The Thursday night performance showed the strength WASO has developed in playing Wagner’s music. Stuart Skelton sang with great power and tenderness; in the last act he appeared without a jacket, his shirt pulled out, to remind us of his injury. Gun-Brit Barkmin sang with great strength and sensitivity and won the support of the audience in the role. Gubanova and Daniel were magnificent. Also excellent was bass Ain Agner, so often seen in roles such as Fafner or Hunding, as the rejected King Marke. He was dignified, tightly controlled in the face of his betrayal. There was a moment’s silence at the conclusion before the audience leapt to their feet with enthusiastic applause.
On Friday night the Western Australian Wagner Society hosted celebratory drinks in the Concert Hall foyer, attended by both Asher and Stuart. Asher praised the work of his orchestra and could not resist showing us all the wooden holztrompete, which had been specially made for these performances and which rang out in the second act. The WASO brass section also has a beautiful set of German-made instruments.
A second performance took place on the following Sunday. Nobody who attended these performances would regret it. In this newsletter NSW Wagner Society members have given their views, all very positive.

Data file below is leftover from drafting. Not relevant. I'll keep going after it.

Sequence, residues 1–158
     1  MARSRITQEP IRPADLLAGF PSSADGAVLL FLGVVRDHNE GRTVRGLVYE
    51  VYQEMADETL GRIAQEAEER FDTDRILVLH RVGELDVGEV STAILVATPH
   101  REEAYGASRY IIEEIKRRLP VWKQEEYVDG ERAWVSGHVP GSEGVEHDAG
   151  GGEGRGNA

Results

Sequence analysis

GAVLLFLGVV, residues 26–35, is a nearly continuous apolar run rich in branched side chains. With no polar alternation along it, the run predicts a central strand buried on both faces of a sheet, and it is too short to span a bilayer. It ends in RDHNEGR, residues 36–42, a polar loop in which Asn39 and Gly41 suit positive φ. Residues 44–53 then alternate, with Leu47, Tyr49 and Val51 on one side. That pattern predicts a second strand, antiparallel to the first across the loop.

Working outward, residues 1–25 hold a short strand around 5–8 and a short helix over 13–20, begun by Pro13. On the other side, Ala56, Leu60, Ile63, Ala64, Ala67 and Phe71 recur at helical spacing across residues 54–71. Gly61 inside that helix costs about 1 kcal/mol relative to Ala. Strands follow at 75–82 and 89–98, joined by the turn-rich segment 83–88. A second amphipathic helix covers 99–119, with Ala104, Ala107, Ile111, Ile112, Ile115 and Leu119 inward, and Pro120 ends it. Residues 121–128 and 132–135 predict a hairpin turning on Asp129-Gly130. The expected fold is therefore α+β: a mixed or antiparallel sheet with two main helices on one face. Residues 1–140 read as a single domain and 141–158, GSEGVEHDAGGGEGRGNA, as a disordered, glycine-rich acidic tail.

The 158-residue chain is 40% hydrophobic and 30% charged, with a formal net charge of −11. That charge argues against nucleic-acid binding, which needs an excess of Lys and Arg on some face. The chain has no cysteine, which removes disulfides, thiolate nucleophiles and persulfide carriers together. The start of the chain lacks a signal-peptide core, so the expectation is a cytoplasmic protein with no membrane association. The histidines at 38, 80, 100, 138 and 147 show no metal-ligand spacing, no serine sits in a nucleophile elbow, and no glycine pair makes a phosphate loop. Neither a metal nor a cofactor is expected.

We have much to look forward to in the next three months. In September we will have a feedback session from those members who are attending Bayreuth. Some members are going to the Keith Warner Ring at Covent Garden, with Nina Stemme and Stefan Vinke as the leads, and we look forward to hearing from them as well. In October David Larkin will provide us with an introduction to Die Meistersinger von Nurnberg, which many of us will be attending in Melbourne in November. And we expect to have a very special guest for our Christmas celebration.
I would like to thank new Committee Member Lis Bergmann who is assisting Jenny Edwards with the web-page and e-mails to members.
We are approaching the end of another busy and successful year for the Wagner Society in NSW. I am writing this the day after returning from Melbourne, where a number of NSW Society members saw a splendid Die Meistersinger von Nurnberg produced by Opera Australia. It used the Royal Opera House Covent Garden production by Kasper Holten, revived by Dan Dooner. The two leading roles were sung by overseas singers, Michael Kupfer-Radecky as Hans Sachs and Stefan Vinke as Walther von Stolzing. But all other roles were cast from Opera Australia; there were excellent performances by Warwick Fyfe as Beckmesser, Daniel Sumegi as Veit Pogner, a first-rate Nicholas Jones as David, Natalie Aroyan as Eva and Dominica Matthews as Magdalena. The chorus was in fine voice. Pietari Inkinen conducted with his usual energy and the orchestra was splendid. The State Theatre in Melbourne has a large stage and excellent acoustics. The audience on opening night responded positively.